Hector Guimard (Lyon 1867 – New York 1942) is one of the most prominent representatives of the Art Nouveau style. His prolific creative activity left us with an architectural and decorative legacy that spans 15 years of work.
During his years of study he was influenced by the theories of Eugene-Emmanuel Viollet-le-Duc who in 1863 lay down the foundations of the future structural principles of the Art Nouveau, combining the medieval heritage of the geometrical volumes of the structure with the Art Nouveau lines – clearly shown in Guimard’s first architectural success, the Castel Béranger.
Guimard’s visit to Victor Horta’s hotel Tassel in Belgium, definitely converted him to the organic “whiplash” style lines.
Through his aesthetic research he favoured harmony and stylistic continuity one of the founding principals of the Art Nouveau style. This led him to design the whole interior of his buildings. For example the furniture designed for an oval shaped room became an integral part of the building (especially in the hotel Guimard, 1909).
Some of his famous buildings in Paris are: Hôtel Roszé (1891), Hôtel Delfau and Jassedé (1894); Atelier Carpeaux (1895); Hôtel Deron-Levet (1905); Trémois building (1909); Hôtel Mezzara (1910) or the Villa Flore (1924), but also the Coilliot house in Lille (1898); and the Castel Val in Auvers-sur-Oise (1903).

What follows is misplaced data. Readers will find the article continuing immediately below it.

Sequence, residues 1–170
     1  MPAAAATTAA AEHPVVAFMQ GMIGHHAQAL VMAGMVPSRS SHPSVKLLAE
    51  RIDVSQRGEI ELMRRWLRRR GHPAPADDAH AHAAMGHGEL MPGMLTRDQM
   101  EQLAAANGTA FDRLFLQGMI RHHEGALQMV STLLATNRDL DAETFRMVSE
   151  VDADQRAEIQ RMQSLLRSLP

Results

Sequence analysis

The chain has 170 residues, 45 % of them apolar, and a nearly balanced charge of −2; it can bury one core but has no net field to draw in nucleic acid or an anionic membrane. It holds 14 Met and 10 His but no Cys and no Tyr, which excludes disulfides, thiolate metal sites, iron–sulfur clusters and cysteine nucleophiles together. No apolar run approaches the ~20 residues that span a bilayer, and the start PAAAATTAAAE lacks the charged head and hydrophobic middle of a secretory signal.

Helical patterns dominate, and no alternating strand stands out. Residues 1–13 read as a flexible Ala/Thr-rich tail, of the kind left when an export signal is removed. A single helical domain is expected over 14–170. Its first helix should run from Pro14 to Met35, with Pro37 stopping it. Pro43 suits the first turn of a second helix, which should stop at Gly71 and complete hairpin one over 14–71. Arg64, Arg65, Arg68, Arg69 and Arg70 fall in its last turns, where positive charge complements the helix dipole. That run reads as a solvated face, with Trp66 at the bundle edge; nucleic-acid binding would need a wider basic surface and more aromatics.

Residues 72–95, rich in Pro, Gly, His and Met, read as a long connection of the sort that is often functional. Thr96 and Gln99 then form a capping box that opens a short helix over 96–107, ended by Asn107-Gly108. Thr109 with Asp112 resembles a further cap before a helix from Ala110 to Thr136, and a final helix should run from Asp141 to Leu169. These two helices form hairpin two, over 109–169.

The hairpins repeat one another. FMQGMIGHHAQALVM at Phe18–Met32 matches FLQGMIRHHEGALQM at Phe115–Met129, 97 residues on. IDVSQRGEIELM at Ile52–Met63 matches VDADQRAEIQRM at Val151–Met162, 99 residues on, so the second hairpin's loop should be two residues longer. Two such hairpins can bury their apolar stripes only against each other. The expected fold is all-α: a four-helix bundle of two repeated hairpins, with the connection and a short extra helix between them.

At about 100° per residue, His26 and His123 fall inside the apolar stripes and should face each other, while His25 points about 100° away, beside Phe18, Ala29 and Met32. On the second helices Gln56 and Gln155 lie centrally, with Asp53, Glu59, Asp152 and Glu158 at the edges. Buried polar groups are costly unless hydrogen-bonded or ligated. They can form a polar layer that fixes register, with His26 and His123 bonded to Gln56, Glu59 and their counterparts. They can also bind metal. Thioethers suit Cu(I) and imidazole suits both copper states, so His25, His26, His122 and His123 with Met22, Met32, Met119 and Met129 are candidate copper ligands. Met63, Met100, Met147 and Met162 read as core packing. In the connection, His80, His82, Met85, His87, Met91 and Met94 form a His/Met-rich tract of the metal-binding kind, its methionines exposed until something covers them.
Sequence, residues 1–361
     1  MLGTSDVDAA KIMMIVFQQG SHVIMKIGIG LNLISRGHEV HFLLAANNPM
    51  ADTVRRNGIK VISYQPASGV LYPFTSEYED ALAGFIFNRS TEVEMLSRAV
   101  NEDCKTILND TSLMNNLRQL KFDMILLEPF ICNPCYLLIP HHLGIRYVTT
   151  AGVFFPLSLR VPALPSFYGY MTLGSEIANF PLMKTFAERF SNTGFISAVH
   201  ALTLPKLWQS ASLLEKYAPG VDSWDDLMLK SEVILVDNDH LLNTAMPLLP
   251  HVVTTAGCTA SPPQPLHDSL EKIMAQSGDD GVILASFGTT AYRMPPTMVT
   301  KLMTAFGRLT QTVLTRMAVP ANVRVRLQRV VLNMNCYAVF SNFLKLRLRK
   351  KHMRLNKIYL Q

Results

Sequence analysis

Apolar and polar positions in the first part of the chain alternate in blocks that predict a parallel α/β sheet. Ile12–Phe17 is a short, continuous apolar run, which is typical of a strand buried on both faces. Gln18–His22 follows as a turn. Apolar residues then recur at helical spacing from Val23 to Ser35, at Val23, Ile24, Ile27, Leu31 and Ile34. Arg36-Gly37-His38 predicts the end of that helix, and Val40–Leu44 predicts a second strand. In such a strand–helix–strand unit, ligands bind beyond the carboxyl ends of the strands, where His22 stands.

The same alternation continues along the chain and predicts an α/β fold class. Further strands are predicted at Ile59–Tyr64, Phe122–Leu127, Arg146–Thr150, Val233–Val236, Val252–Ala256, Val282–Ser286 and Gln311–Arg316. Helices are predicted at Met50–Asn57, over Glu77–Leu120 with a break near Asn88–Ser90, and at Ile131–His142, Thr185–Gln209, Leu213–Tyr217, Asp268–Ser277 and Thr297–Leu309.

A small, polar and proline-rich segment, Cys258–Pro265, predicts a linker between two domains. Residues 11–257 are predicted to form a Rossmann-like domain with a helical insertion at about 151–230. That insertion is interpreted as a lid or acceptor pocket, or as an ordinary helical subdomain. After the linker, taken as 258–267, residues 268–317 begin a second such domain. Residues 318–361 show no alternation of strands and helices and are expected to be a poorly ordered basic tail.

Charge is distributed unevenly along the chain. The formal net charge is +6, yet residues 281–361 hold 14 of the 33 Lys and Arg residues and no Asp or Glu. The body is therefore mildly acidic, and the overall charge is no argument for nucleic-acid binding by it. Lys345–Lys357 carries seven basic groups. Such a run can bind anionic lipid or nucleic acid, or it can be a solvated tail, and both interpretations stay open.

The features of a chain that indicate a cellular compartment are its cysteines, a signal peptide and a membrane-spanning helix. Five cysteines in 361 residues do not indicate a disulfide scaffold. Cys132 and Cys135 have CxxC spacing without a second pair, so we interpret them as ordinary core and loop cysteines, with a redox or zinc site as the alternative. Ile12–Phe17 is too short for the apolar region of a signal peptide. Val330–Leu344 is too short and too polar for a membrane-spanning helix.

The Art Nouveau style used the potentials of iron to develop cast iron foliage motifs that spread throughout public gardens and facades of buildings (grills, guardrails, handrails, drainpipes) and the decorative arts. Guimard is one of the last to use cast iron in an industrial fashion in numerous projects, such as the entrances to the Paris Metro that were cast by the Val d’Osne foundry. This architectural genius used Viollet-le-Duc’s principles of ornamental structure in these famous Paris Métro porticos creating quite a scandal at the time, but bringing a new life to artistic cast iron. The Société des fonderies de Bayard et de Saint-Dizier (Haute-Marne) cast most of his creations and published a catalogue of cast iron elements Fontes artistiques pour constructions, fumisterie, articles de jardin et de sépulture, style Guimard.(Artistic cast iron for construction, heating, garden and burial elements, Guimard style). Focusing on every detail, Guimard used artistic cast iron elements to complete his architecture, a balcony railing became an integral part of the building, thus combining the practical with the visual, in adherance with his ideal of formal continuity.
- Picture 1: detail of entrance of Hôtel Jassedé, 1903.
- Picture 2: detail of stairway hand rail, Hôtel Jassedé, 1903.
- Picture 3: extraordinary wrought iron supporting elements for a gutter pipe, Hôtel Jassedé 1903.